Chief chemist, Browning-Ferris Industries, Houston Laboratory, Houston, TX
Professor, University of Houston—Clear Lake, Houston, TX
Pages: 9 Published: Jan 1986
Federal, state, and local rules and regulations often affect even small generators of waste materials. Chemical laboratories are perfect examples with a need to develop procedures to dispose of small quantities of laboratory wastes in a safe and environmentally acceptable manner.
Recognizing a need, the ASTM D-34 committee on waste disposal created its Subcommittee D34.01.05 on Sample Disposal with the direct responsibility for developing guidelines for laboratories. While it was impossible to address the disposal of all wastes from all types of laboratories, the guidelines did address the more common laboratory waste streams. They are applicable, but not limited to, analytical chemistry, process control, and research or life science laboratories.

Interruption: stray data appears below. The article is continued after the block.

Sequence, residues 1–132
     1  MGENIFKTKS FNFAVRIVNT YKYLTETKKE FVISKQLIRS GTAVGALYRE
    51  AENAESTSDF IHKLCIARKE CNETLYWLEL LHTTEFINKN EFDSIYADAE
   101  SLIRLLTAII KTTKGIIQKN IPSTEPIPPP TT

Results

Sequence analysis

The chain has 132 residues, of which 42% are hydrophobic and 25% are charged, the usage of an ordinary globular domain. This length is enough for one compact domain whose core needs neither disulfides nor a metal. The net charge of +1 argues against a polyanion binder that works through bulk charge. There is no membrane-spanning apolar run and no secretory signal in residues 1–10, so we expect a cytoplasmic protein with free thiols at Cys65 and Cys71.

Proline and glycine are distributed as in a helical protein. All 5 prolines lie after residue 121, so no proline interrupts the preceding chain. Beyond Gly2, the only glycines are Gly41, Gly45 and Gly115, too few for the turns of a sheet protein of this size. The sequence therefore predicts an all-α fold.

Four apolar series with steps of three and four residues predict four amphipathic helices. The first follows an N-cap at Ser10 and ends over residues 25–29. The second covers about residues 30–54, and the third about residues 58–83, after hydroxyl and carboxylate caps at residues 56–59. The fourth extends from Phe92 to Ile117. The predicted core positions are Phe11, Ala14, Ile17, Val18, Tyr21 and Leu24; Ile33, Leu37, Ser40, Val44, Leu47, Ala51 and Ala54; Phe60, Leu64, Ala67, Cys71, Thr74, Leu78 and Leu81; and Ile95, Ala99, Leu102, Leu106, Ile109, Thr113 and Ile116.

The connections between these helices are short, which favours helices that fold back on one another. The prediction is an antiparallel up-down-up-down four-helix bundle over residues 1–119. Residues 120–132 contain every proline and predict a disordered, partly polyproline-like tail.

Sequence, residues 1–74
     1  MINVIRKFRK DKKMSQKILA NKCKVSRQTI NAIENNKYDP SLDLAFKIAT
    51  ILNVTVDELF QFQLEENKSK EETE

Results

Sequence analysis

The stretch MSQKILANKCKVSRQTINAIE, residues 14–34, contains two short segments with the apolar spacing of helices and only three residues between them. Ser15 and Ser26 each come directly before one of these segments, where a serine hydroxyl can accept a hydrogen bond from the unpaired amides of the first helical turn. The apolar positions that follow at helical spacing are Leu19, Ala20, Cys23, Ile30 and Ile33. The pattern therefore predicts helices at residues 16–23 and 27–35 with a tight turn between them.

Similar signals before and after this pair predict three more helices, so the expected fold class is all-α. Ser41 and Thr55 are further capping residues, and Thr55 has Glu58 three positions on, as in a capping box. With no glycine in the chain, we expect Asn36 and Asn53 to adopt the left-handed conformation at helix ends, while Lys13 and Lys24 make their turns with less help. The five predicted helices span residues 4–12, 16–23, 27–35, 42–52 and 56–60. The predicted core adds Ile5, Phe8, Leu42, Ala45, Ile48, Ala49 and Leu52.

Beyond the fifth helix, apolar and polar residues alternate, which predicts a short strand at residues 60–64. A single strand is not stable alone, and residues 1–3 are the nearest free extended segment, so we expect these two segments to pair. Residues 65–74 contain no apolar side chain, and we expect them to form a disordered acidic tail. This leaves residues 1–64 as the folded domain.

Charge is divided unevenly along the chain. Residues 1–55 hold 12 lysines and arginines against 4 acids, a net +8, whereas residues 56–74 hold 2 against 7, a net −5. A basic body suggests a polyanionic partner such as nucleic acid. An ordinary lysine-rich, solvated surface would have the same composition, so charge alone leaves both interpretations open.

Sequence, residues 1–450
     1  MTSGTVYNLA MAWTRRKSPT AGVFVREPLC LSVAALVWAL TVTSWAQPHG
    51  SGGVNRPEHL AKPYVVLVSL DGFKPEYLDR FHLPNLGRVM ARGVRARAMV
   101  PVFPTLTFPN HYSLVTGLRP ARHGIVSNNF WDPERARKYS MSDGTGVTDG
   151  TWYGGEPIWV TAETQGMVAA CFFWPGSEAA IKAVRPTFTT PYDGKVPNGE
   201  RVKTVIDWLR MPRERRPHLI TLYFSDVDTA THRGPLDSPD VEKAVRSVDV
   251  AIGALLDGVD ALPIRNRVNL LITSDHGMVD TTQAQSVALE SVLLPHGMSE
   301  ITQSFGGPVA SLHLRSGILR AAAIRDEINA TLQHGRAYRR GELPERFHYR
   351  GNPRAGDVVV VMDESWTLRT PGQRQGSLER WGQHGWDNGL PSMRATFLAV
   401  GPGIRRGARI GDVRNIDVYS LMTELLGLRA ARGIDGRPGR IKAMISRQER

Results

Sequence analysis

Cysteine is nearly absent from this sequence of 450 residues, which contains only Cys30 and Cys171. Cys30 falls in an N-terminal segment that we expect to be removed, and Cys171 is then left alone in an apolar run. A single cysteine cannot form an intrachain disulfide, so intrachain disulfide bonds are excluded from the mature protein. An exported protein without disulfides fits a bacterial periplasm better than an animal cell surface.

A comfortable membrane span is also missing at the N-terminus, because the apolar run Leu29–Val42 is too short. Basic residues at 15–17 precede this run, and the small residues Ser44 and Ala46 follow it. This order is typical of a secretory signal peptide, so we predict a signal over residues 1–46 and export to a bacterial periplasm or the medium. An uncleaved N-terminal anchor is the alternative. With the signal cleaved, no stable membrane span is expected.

The recommended guidelines for disposal cover the following topics: (1) the classification of waste for shipping and manifesting by common or generic name and by Department of Transportation requirements; (2) the segregation of wastes for recovery, pretreatment, or disposal; (3) the procedures for recovery of materials, or to render them nonhazardous and amendable for landfilling or in-house disposal, or to prepare them for disposal in authorized chemical disposal sites; and (4) the designation of a specific revoery or pretreatment and disposal method for each type of waste.
wastes, laboratory, classification, treatments, disposal
Paper ID: STP23095S